When I first saw the notice for the inversions workshop, I was excited. But after I signed up and paid, I was nervous. When the day arrived and I was warming up on my mat, I was terrified! What if I was the worst one there? What if I fell on my face? What if I fell on my neighbor? So many fears.
I may very well have been the worst one there, but I did not fall on my face, nor did I fall on my neighbor. What I did do was find the strength to push myself further than I’d gone before.
There is a growing wave of alternative thinking in the world, and most of us are blessed to have a choice between conventional and alternative ways of living. This can include lifestyle choices, food choices, medical decisions, consumerism, spirituality and education, to name a few. What used to be considered radical is now finding its way into the mainstream.
In Boulder, Colo., where I live, there is an abundance of options for natural grocers, alternative health care practitioners and holistic education centers. Even our pets have access to natural foods and medicines. And for a city of only 100,000, there are more than 60 yoga studios in the community. Needless to say, I am at home in this place.
Here, my tendencies toward natural living are fed by the abundant and accessible information about how to integrate even more natural practices into my daily life. For instance, I was thrilled to slowly cut out every toxic product from my routine and replace it with something that wasn’t (in my mind) ruined by processing, chemicals or the like. I felt so proud of myself and my ability to live a sustainable, plant-based, organic existence!
That said, you can only imagine how I must have felt when I was faced with a very unwanted health condition that every doctor — holistic and conventional — seemed unable to diagnose.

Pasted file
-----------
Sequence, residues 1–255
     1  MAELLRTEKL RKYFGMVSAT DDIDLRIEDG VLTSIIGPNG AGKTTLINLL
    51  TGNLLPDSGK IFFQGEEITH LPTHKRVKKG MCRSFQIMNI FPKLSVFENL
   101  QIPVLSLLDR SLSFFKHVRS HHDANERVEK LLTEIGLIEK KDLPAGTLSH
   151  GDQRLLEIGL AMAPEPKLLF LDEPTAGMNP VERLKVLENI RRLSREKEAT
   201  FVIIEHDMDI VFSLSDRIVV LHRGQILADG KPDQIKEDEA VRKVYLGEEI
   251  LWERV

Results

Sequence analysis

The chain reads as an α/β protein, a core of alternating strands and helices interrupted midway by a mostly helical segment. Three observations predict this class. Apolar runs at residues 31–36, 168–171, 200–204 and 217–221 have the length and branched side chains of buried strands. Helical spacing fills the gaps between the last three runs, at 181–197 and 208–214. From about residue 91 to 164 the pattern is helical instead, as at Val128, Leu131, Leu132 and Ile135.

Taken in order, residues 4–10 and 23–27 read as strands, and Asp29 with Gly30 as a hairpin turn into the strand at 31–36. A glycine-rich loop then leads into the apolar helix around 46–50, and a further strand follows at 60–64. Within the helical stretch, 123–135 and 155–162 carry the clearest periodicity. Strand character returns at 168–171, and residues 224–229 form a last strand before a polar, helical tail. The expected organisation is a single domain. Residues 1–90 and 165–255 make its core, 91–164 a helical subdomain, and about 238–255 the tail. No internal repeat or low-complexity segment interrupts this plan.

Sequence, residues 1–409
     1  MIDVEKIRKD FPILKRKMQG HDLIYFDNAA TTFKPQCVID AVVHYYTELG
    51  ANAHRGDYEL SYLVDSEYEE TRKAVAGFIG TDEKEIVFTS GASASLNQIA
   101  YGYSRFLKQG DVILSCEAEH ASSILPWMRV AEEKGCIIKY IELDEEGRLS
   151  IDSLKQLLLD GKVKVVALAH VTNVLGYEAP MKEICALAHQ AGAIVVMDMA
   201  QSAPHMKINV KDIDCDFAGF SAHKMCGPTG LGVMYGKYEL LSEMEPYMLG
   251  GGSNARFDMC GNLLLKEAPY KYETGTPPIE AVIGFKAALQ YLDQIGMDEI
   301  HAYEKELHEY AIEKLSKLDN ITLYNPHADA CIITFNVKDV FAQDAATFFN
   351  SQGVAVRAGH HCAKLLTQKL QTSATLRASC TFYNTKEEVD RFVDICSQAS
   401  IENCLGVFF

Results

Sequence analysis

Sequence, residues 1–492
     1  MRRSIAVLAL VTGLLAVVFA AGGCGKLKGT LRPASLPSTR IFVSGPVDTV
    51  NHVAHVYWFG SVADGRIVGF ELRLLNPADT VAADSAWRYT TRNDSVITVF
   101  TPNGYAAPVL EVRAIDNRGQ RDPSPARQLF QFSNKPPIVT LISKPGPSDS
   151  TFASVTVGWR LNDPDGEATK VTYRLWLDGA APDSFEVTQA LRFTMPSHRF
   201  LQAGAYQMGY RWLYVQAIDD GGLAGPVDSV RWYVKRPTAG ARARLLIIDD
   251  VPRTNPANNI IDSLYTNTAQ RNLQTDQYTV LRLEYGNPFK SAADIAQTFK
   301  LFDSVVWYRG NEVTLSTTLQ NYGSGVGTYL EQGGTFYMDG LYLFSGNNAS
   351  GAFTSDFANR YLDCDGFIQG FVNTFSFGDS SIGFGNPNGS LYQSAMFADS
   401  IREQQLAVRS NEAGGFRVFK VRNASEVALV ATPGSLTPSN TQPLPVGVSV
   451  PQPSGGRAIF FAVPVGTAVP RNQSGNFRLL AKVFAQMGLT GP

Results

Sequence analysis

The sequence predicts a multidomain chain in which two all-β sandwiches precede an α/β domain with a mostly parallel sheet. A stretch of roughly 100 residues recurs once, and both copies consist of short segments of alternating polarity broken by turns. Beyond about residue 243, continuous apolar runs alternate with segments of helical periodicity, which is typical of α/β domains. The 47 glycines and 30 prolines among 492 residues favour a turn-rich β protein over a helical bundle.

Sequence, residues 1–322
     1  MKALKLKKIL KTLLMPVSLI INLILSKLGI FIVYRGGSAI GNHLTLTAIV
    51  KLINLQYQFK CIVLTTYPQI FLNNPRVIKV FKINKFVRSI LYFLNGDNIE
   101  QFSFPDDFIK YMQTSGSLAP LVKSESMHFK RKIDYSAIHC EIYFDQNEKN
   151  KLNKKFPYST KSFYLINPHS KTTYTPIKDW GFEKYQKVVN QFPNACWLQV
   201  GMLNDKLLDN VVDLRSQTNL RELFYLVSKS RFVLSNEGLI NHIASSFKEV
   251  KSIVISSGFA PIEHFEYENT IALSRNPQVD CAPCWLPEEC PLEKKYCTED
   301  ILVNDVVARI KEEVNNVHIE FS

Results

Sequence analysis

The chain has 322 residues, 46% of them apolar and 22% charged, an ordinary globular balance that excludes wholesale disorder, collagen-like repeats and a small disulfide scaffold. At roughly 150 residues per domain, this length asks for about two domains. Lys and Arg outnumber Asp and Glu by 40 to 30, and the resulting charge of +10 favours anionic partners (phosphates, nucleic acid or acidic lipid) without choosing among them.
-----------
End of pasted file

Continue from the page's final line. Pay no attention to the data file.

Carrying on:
I live for my morning cup of coffee. Sometimes I get excited about going to bed at night just because it means I can wake up and drink coffee. When my alarm goes off, I climb into my terrycloth robe and shuffle downstairs, my dog Ellie at my heels. I savor every part of my morning ritual, from the first whiff of the ground beans as I scoop them out of their tin, to the quiet sitting while I wait for my coffee to brew. I take my mug to the couch and prepare for the first sip, which feels like my own private moment with God. Ellie puts her head on my lap and we sit there in silence in our little church by the window.
This sacred time gives me the space to be with myself; it encourages me to listen to me — the voices in my head are too sleepy to chime in with their usual agenda and commentary. And that’s a good thing because I like to spend my mornings doing nothing in particular. If I’m in the mood, I’ll putter around my house and tend to this or that. Maybe I’ll water the plants . . . or not. Maybe I’ll write . . . or not. The rest of my day is directed by obligation — things I have to do, or “should” do — which makes the guiltless moments of my morning feel even more precious.
Our home practice can be a lot like my cherished morning time. No one telling us what to do. No agenda to follow. It’s just you and your breath in that vehicle we call the body, cruisin’ wherever you wanna go.
Standing in the presence of the unbelievably immense, monolithic slabs of stone in Zion National Park is an experience that is not soon forgotten and, I’d argue, even spiritual. Gaze up at those massive sandstone cliffs as you hike The Narrows and you’d swear you’ve entered an alien world where 2,000-foot-high gods of rock rule. If you’re brave enough, you can even trek on the shoulders of those gods, by walking on the aptly named Angels Landing Trail. And since 84 percent of the park is designated as wilderness, there are scores of other spots where you can commune with nature and find solitude.
But now imagine that you’re in Zion walking that precipitous pathway — with sheer drop-offs on both sides — and a drone buzzes close by your head. Not only does that distract you and make you feel unsafe, it suddenly changes your great outdoor and unplugged experience.